This post is by no means supposed to be an advertisement for GitLab, I chose it some time ago for 2 very simple reasons

1. It allowed for free private repositories, which is now also true for GitHub
2. The CI/CD is fully integrated, with no need for other tools

If you use GitHub, the favorite CI tool for R code hosted there seems to be Travis. Some examples specific for R can be found here. You can also read a more generic Travis CI Tutorial.

# The simplest example with R use

To make the post a bit less abstract and more practical, here is an overly simplified example of GitLab CI/CD used with R, which just runs the current version of R and prints the mtcars dataset:

Let’s have a look at this very simplistic .gitlab-ci.yml:

image: r-base

test:
script:
- R -e 'print(datasets::mtcars)'

We see the following:

• image: r-base tells GitLab CI/CD to use the r-base Docker image for the run – more on that later
• the rest of the yaml tells GitLab CI/CD to run a job named test, its task is to execute a script defined as R -e 'print(datasets::mtcars)', meaning just to run R and print the mtcars dataset

Now let us take a look at a more useful example for developing R packages.

# Example pipeline for R package testing and deployment

We can use GitLab CI/CD to automatically

1. Build our package
2. Perform the R CMD check and investigate if we have any errors, warnings or notes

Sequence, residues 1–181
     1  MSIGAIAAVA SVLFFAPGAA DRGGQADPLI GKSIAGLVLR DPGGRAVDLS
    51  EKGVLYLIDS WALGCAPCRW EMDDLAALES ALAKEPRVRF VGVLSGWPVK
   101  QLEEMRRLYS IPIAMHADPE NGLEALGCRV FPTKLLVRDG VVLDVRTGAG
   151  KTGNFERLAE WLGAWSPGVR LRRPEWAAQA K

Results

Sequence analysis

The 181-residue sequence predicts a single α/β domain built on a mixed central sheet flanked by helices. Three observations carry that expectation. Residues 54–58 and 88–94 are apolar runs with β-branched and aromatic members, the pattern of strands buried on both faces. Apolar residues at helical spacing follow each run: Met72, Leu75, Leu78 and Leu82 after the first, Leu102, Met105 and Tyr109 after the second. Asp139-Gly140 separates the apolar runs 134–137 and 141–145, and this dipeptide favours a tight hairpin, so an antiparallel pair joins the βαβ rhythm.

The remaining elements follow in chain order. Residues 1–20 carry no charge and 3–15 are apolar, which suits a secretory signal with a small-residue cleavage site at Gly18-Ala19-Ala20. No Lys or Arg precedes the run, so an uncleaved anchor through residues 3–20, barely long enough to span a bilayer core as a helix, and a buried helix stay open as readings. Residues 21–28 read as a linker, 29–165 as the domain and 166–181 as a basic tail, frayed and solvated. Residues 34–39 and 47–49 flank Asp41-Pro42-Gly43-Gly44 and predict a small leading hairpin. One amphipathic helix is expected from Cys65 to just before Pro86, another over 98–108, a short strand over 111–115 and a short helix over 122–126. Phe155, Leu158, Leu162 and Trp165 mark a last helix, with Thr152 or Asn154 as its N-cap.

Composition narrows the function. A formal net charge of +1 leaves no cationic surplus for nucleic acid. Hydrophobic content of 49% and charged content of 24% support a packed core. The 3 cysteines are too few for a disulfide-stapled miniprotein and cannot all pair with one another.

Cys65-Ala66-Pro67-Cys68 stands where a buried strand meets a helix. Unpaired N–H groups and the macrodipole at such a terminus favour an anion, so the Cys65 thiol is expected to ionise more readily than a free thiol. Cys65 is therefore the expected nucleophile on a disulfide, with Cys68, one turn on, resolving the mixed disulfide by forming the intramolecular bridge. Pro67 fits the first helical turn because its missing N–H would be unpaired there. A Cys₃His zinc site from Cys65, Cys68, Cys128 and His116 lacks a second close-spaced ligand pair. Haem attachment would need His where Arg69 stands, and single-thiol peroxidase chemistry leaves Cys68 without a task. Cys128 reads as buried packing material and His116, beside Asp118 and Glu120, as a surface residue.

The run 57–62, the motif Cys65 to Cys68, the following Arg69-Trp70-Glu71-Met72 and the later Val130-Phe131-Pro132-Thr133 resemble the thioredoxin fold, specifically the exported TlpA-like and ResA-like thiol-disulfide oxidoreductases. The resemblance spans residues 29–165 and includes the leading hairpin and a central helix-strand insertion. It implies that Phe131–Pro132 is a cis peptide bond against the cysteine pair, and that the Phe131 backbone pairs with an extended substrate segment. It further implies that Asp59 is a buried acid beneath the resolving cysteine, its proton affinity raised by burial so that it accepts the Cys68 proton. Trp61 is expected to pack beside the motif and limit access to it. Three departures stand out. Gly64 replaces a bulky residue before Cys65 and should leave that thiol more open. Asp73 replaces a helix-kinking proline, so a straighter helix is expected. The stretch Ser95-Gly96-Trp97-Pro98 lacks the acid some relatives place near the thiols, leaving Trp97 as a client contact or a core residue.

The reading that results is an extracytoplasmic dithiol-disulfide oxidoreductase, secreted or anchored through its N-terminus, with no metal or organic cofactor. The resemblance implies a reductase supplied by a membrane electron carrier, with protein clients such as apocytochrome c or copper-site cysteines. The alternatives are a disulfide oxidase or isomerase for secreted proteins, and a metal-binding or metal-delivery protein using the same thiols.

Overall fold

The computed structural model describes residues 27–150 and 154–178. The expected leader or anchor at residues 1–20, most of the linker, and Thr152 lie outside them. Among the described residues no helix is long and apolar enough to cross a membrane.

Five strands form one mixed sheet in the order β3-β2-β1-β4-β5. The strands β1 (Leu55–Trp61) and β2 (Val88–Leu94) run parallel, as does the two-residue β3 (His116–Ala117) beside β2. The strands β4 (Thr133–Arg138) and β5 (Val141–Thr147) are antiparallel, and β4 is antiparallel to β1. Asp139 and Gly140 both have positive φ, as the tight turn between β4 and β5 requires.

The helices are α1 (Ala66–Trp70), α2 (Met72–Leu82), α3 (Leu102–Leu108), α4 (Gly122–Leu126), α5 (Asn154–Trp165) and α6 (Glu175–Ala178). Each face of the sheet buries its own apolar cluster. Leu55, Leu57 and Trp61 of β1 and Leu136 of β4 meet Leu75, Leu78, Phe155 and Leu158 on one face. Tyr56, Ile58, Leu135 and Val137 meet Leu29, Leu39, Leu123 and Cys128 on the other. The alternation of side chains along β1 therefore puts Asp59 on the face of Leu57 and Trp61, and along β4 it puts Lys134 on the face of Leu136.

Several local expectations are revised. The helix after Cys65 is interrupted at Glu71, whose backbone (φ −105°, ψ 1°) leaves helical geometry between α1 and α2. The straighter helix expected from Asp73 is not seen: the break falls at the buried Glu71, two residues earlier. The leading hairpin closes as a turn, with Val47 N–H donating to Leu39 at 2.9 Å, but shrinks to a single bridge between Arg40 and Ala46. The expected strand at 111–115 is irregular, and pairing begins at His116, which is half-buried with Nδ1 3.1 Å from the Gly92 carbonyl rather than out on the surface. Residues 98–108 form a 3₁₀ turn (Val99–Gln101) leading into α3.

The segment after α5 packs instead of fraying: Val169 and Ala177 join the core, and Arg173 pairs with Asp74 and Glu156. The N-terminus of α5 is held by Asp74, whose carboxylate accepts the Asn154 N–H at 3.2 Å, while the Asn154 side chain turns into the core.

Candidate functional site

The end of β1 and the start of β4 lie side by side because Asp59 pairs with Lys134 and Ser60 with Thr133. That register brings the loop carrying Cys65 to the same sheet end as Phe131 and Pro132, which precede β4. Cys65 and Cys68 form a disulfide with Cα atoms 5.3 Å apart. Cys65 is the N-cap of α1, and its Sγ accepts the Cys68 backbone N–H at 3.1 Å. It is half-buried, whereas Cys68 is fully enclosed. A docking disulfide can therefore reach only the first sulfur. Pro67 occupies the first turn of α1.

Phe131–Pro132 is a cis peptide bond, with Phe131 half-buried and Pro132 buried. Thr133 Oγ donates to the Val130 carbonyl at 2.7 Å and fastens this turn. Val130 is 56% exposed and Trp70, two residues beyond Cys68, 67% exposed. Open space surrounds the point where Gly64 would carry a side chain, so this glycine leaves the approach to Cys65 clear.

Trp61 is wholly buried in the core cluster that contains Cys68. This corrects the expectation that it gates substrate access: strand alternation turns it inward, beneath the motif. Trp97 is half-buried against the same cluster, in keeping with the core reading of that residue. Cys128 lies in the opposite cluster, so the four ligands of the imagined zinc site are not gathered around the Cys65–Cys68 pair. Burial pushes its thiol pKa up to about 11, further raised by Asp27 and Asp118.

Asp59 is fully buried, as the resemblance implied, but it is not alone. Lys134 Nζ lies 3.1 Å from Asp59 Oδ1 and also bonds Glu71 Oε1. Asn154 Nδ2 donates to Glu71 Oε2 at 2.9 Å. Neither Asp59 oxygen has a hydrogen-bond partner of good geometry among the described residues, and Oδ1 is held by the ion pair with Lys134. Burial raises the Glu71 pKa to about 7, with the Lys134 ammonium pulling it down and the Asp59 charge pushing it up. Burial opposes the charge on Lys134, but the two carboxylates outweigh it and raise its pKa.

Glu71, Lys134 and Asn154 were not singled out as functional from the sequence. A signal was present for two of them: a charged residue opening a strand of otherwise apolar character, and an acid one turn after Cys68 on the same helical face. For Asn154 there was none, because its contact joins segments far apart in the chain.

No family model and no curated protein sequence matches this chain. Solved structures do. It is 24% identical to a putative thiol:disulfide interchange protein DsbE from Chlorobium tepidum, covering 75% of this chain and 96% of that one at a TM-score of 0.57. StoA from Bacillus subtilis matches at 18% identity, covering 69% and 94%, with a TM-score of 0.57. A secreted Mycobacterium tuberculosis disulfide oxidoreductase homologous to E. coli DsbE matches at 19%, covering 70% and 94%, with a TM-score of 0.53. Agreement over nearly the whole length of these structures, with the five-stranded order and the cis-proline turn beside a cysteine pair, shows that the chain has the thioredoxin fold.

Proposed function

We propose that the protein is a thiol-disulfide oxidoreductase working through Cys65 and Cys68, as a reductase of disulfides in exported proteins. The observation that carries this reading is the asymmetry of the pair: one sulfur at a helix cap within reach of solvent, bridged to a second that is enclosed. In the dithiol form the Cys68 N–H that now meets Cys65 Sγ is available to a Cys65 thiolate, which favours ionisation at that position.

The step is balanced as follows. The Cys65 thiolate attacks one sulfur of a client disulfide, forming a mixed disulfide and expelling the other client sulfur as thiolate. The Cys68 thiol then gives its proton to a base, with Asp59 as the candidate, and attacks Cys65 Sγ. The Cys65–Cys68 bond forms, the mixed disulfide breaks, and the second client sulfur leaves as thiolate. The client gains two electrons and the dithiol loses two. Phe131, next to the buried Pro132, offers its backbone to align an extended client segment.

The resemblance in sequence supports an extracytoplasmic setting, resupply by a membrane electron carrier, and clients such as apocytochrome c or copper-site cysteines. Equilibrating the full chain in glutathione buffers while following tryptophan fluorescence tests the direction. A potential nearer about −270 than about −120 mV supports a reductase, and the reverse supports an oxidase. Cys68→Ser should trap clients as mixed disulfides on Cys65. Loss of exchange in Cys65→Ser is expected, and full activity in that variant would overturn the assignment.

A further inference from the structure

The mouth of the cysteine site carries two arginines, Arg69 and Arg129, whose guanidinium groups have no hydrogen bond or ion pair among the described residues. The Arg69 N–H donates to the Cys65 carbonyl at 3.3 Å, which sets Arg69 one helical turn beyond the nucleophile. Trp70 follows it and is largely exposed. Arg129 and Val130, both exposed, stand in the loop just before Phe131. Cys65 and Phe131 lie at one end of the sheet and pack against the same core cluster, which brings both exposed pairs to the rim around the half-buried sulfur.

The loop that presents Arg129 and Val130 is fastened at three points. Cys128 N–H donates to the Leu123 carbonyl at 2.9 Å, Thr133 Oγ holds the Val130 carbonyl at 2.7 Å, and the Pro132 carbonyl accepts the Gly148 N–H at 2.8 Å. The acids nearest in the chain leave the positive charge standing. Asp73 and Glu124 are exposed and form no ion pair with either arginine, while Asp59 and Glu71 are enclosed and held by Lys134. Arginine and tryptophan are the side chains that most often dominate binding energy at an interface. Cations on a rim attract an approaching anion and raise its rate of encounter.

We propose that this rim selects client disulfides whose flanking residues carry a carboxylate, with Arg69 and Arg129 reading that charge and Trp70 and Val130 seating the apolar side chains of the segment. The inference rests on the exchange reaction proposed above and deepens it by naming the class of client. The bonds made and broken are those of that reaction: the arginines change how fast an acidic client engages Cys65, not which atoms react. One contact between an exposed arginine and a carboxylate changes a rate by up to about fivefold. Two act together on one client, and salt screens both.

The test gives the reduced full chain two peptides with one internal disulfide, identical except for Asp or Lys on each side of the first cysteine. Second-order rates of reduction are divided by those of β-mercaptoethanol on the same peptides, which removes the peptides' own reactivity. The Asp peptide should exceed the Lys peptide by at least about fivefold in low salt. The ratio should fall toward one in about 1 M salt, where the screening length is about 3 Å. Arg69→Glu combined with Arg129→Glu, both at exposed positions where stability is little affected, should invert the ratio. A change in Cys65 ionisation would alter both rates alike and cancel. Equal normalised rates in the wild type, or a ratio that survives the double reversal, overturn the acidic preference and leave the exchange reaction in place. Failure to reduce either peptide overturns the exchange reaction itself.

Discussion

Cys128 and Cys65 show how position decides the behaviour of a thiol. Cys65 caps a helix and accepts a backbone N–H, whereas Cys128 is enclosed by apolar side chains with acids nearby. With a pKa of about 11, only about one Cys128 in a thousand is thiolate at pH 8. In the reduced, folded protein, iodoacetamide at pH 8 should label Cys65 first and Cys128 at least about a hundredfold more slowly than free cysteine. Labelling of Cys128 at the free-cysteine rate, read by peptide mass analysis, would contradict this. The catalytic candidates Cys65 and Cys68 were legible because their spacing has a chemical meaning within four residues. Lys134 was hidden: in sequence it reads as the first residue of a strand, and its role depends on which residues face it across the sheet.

3. Run our unit tests
4. Check our testing coverage and finally
5. Install the package and potentially use it to perform more actions

An example .gitlab-ci.yml with a pipeline based on a Docker image to test an R package can look as follows. Note that this is most likely overkill and too spacious, one could have a pipeline that is way shorter for this purpose:

image: jozefhajnala/rdev:3.4.4

stages:
- build
- document
- check
- test
- deploy

variables:
_R_CHECK_CRAN_INCOMING_: "false"
_R_CHECK_FORCE_SUGGESTS_: "true"
CODECOV_TOKEN: "2329aed3-de38-468c-9a06-95564363211c"

before_script:
- apt-get update

buildbinary:
stage: build
script:
- r -e 'devtools::build(binary = TRUE)'

documentation:
stage: document
script:
- r inst/ci/document.R

checkerrors:
stage: check
script:
- r -e 'if (!identical(devtools::check(document = FALSE, args = "--no-tests")[["errors"]], character(0))) stop("Check with Errors")'

checkwarnings:
stage: check
script:
- r -e 'if (!identical(devtools::check(document = FALSE, args = "--no-tests")[["warnings"]], character(0))) stop("Check with Warnings")'

checknotes:
stage: check
script:
- r -e 'if (!identical(devtools::check(document = FALSE, args = "--no-tests")[["notes"]], character(0))) stop("Check with Notes")'

unittests:
stage: test
script: